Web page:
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MANCHESTER — It was going to take more than a worldwide pandemic to keep Pawlet native Katharine Maness from resurrecting Southern Vermont’s one and only Shakespeare festival, inaugurated in 2019, shut down the next year — but that Maness swore wouldn’t die.

And so the New York-based actor will see the oath through with the return of another three-show season for Shakespeare in the Woods, this one featuring some of the Bard’s greatest plays on war, with a contemporary spin.

“Being a queer Jewish person myself, in my endless love for Shakespeare, there is a very acute awareness that these are 400-plus-year-old words written by a cis, presumed straight, white man,” Maness said. “A big part of [our] unconventionality is how we approach casting, creating a space for identities that haven’t traditionally been afforded chances to play many of these incredible roles.”

Maness added that if Shakespeare in the Woods is able to bring audiences in to see these perspectives, “perhaps new ones not considered by them previously, that stir conversation and thought, then I consider that a success.”

In their own words: Directors speak

In creating the season slate, Maness also had to consider who would lead the development of each play. As such, Maness urged each of the three directors to summarize their visions for the classic works put in their charge:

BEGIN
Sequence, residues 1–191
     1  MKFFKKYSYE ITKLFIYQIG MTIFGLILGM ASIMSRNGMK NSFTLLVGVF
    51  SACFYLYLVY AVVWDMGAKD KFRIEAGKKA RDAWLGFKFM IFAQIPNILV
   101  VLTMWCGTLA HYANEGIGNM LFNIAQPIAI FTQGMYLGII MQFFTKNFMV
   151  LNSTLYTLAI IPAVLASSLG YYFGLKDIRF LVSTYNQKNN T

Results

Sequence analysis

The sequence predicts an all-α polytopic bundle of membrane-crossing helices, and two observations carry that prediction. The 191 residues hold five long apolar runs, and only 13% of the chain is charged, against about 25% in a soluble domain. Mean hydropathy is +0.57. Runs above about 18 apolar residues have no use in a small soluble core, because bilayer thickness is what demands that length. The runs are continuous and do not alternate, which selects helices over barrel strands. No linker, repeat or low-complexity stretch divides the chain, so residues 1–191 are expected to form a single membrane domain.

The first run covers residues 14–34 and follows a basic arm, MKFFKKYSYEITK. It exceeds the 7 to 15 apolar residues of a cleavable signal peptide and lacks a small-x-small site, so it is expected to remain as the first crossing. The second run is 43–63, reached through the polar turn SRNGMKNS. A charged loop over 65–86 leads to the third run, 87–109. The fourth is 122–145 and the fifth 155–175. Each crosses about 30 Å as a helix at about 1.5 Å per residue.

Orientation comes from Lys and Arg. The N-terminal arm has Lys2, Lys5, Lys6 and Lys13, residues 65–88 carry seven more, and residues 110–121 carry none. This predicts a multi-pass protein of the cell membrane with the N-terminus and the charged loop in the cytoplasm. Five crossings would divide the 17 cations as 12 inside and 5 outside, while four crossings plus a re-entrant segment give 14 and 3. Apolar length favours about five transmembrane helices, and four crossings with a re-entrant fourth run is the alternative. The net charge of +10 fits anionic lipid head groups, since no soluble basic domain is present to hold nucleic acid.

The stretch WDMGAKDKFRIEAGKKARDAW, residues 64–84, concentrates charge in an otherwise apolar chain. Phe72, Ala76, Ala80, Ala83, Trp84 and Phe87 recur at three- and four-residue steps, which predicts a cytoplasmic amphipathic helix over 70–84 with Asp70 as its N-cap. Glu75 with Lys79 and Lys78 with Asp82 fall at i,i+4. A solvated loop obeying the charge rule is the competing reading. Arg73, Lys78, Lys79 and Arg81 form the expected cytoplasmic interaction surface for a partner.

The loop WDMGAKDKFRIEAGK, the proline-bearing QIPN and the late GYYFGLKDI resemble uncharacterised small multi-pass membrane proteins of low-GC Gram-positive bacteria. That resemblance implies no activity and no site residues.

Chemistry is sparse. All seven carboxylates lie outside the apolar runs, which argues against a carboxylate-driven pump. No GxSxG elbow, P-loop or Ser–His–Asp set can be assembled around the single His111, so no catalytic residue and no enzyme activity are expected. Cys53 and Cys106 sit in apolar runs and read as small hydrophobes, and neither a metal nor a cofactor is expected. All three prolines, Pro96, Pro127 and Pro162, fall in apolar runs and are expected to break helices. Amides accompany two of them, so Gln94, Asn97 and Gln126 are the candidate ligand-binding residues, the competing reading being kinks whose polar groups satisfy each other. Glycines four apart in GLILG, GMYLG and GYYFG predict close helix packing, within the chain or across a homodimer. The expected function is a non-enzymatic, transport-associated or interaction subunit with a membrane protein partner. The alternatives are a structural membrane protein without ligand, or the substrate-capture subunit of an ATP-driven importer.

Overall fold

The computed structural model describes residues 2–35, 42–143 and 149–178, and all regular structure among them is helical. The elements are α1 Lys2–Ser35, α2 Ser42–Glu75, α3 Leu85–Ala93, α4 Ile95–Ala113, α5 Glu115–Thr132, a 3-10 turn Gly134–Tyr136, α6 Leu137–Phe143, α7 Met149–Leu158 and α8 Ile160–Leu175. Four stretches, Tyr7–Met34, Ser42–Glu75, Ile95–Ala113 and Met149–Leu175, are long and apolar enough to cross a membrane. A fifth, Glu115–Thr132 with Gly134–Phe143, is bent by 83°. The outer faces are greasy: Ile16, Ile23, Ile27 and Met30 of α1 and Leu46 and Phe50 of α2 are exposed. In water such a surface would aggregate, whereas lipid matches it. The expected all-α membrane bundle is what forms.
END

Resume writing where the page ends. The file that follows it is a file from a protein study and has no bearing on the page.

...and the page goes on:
“Coriolanus,” Aug. 24 to 28, directed by Elizabeth Dinkova

Dinkova: As an immigrant artist in the United States, I always aspire to bring a global perspective to local issues, to examine urgent societal concerns with empathy, humor and a healthy dose of critical distance.

I wanted to direct “Coriolanus” because it’s about the wounds we carry — as individuals, communities, cultures — and about the painful process of healing. It’s about war, not only between nations, but between the wealthy and the poor, between femininity and masculinity, nationalism and globalism.

When you immerse yourself in the play, you can’t help but find echoes of the Occupy movement, the Jan. 6 riots, the climate crisis, the war between Russia and Ukraine. It feels like a play written yesterday to ensure we get a tomorrow. It’s a warning tale to overleap the artificial borders we create between identities, people, nations.

Notably, the original invests the only women in the play — Coriolanus’s wife and mother — with enormous responsibility to right the wrongs of a toxic empire. I decided to set it in the present day at a U.S. refugee detention center, where the survivors of armed conflict between warring states seek asylum from the devastation of their homes. Cast with a predominantly female and nonbinary ensemble, this is a story about the people left behind, the wives, mothers, relatives, citizens, wrestling with the legacy of the men of state who made terrible mistakes, to figure out how not to repeat them.

This production assumes the point of view of Coriolanus’s wife Virgilia, now an asylum seeker herself, who recounts the history of her country’s devastation to pierce through the cold indifference of an asylum officer and begin to manifest healing, for herself and her community.

“A Midsummer Night’s Dream,” Aug. 31 to Sept. 4, directed by Andie Lerner